In a Washington Post Live event in March, Acevedo’s opposition to bail reform came to the fore. The police chief repeatedly blamed criminal incidents in Houston on bond leniency. But, while public data on who is released in Houston on cash bonds are limited, a closer look at the available information on murder rates tells a different story about the Texas city’s violent crime.

Since Acevedo was hired in 2016, the Houston Police Department’s clearance of murder cases continued what was already a significant decline. Before the chief took office, clearance rates had dropped from 89 percent in 2011 to 63 percent in 2015, according to an internal audit obtained by the Houston Chronicle. The fall continued under Acevedo, with arrests in only 48 percent of murder cases in 2020. Texas Criminal Justice Coalition’s Jenkins described it as “a precipitous drop indicative of a failure of leadership.” 

Even when the department resolved a murder case and it headed to court—136 times since January 1, 2019, according to historical court records from the Harris County District Clerk obtained by Texas Criminal Justice Coalition—a majority ended in acquittal or dismissal. 

Just because Acevedo and the department weren’t able to get the right person the majority of the time, said Jenkins, that’s no reason to blame the judiciary.

“It is these failures of Chief Acevedo and HPD, and not the pretrial release of individuals deemed innocent until proven guilty by the laws of our country, that continue to make a mockery of the criminal justice system,” Jenkins said.

Bynum added that Acevedo, in his efforts to blame the judiciary, was acting like a kind of Texan Don Quixote: “He tilted at a fantasy where we judges were the bad guys and he was the one good guy.

3. Juvenile Crime

“What’s happening in a lot of the big cities, and Houston is not unique to that, is that the gang organizations and the drug trafficking organizations, they are actually using juveniles as trigger pullers. We are seeing more and more juveniles involved in criminal enterprises, involved in armed robberies, aggravated robberies, aggravated assaults, and murders. I mean, we have 11 juvies that are charged with murder, of last count that I had in our county, 2 with capital murder, and then hundreds are charged with violent felonies. The OGs are figuring out, you know what? These kids can go in and out, and so they’re starting to use them, and it’s become a huge problem.”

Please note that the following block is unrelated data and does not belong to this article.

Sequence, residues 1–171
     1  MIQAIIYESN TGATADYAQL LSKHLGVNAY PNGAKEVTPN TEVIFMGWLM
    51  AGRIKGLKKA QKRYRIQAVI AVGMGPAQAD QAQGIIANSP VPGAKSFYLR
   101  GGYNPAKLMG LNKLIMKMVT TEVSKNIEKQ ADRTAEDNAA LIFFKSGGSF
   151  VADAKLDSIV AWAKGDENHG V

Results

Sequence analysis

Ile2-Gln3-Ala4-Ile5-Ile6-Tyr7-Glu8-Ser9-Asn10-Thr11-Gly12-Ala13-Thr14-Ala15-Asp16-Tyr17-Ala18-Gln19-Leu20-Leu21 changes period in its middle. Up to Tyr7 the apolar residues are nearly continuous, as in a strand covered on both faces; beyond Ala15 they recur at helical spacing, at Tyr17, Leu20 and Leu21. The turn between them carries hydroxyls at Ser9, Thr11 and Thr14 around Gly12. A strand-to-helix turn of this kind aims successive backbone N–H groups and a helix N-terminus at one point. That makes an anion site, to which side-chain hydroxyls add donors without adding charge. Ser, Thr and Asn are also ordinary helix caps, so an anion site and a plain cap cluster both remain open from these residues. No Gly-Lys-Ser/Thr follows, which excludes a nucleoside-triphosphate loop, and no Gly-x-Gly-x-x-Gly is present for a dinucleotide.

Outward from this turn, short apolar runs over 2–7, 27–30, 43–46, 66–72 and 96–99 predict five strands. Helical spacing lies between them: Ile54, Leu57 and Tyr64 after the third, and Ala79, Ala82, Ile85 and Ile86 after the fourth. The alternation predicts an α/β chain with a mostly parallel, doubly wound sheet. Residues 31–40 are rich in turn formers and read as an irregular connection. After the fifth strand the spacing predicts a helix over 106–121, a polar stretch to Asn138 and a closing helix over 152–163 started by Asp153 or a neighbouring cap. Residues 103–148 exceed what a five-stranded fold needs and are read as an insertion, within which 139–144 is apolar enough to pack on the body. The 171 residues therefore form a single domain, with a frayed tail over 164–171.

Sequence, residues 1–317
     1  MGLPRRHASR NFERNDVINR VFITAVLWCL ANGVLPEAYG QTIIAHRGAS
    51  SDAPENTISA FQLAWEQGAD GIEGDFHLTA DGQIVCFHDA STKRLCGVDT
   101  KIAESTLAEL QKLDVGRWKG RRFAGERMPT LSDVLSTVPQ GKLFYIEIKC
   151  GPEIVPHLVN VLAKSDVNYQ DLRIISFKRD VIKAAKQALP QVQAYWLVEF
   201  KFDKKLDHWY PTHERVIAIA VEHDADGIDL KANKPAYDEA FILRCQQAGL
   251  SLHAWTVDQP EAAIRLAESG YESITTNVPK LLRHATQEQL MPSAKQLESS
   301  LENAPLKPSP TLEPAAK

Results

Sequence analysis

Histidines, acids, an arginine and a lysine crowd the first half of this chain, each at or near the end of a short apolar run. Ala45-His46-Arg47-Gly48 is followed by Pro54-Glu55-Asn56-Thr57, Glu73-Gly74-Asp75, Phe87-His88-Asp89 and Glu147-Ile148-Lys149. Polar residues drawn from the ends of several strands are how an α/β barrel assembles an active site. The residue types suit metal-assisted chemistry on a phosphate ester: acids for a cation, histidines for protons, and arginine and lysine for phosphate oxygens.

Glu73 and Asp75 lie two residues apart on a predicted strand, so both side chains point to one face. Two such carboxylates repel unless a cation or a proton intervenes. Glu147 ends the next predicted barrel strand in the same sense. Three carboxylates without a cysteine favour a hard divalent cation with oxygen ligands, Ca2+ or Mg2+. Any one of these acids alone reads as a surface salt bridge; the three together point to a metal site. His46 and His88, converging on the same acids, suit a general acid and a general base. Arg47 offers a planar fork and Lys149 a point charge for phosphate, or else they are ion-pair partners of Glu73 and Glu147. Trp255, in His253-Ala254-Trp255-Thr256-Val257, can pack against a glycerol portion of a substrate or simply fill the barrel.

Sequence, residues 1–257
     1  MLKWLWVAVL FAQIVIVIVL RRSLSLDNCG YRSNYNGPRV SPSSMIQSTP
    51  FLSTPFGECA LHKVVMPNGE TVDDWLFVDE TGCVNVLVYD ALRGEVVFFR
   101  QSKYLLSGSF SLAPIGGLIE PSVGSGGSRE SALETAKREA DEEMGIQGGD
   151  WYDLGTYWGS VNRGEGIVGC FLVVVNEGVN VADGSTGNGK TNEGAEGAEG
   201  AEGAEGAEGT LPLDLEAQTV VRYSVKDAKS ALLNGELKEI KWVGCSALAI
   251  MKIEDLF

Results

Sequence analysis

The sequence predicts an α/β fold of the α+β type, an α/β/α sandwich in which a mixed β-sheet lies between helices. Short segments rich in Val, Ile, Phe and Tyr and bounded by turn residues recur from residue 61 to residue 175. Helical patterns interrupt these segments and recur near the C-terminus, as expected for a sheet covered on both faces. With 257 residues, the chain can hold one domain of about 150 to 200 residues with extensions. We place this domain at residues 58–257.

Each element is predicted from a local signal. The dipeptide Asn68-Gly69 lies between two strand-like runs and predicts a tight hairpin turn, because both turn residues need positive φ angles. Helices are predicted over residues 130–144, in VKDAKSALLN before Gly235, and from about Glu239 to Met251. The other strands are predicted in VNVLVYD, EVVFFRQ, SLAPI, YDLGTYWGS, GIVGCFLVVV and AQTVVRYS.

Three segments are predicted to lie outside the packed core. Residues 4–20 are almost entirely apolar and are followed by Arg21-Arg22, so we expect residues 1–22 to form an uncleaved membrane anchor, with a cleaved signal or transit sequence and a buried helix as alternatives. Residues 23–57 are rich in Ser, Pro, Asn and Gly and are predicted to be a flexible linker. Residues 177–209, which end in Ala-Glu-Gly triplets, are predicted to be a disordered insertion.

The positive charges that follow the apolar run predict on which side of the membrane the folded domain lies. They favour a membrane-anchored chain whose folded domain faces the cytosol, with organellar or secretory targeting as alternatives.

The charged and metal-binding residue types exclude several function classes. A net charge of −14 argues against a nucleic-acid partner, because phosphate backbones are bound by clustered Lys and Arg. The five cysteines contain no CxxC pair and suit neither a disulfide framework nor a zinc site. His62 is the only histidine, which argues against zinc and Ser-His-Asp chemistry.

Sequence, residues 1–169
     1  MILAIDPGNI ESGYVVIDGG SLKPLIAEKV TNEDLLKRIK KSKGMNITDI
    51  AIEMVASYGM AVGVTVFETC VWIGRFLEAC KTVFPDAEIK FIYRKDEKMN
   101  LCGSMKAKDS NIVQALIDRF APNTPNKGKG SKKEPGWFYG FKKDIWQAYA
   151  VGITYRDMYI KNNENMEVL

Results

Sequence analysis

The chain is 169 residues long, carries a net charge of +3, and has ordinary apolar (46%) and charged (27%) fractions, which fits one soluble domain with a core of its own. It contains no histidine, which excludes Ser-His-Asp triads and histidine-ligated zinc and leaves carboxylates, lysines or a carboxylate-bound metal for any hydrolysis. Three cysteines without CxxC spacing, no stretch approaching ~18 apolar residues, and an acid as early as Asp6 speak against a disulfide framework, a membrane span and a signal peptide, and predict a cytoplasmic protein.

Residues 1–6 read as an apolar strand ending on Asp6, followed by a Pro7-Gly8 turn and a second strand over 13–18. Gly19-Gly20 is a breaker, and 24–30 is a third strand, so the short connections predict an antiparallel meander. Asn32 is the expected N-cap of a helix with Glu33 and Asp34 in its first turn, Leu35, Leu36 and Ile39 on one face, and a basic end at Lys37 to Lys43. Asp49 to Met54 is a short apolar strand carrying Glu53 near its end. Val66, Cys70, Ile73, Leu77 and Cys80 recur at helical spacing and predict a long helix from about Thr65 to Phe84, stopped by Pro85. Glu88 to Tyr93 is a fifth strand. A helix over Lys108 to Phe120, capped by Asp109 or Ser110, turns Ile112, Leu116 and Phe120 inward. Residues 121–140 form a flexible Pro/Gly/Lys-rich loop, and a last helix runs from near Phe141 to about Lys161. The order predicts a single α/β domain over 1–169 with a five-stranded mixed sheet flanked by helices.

Attorney Tamar Birckhead, a former professor of law at University of North Carolina at Chapel Hill, told The Appeal that this comment from Acevedo, which also came during the Washington Post Live event, followed a pattern. 

“These are old, tired canards that law enforcement uses to justify the harshest penalties for juveniles,” said Birckhead. “Not only is there no evidence that there is an increase in the number of juvenile offenders, but there is no evidence that older people are intentionally using younger ones to commit murders.”  

The claim that gangs are using juveniles as hitmen struck Alex Vitale, professor of sociology at Brooklyn College and author of The End of Policing, as an indication that Acevedo just doesn’t take the realities of public safety very seriously. “These problems are rooted in deep social insecurities and the young people involved in violence have almost always previously been the victims of violence themselves and that victimization has never been addressed in ways that could help break the cycle of harm,” Vitale told The Appeal. 

Plus, said Vitale, Acevedo is missing key components in how things got to this point in the first place—a perspective that conveniently elides addressing the systemic problems that have led to the violence.